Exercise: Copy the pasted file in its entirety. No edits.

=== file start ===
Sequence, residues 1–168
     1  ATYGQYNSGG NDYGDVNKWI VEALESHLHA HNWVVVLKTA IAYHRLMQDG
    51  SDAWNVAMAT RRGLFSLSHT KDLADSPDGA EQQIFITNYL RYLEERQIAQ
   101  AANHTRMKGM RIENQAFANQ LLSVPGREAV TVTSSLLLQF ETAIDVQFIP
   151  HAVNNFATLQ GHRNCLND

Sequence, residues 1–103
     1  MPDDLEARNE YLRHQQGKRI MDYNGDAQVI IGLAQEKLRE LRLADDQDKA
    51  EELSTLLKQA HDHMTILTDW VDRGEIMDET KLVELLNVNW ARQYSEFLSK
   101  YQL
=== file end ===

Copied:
Sequence, residues 1–168
     1  ATYGQYNSGG NDYGDVNKWI VEALESHLHA HNWVVVLKTA IAYHRLMQDG
    51  SDAWNVAMAT RRGLFSLSHT KDLADSPDGA EQQIFITNYL RYLEERQIAQ
   101  AANHTRMKGM RIENQAFANQ LLSVPGREAV TVTSSLLLQF ETAIDVQFIP
   151  HAVNNFATLQ GHRNCLND

Sequence, residues 1–103
     1  MPDDLEARNE YLRHQQGKRI MDYNGDAQVI IGLAQEKLRE LRLADDQDKA
    51  EELSTLLKQA HDHMTILTDW VDRGEIMDET KLVELLNVNW ARQYSEFLSK
   101  YQL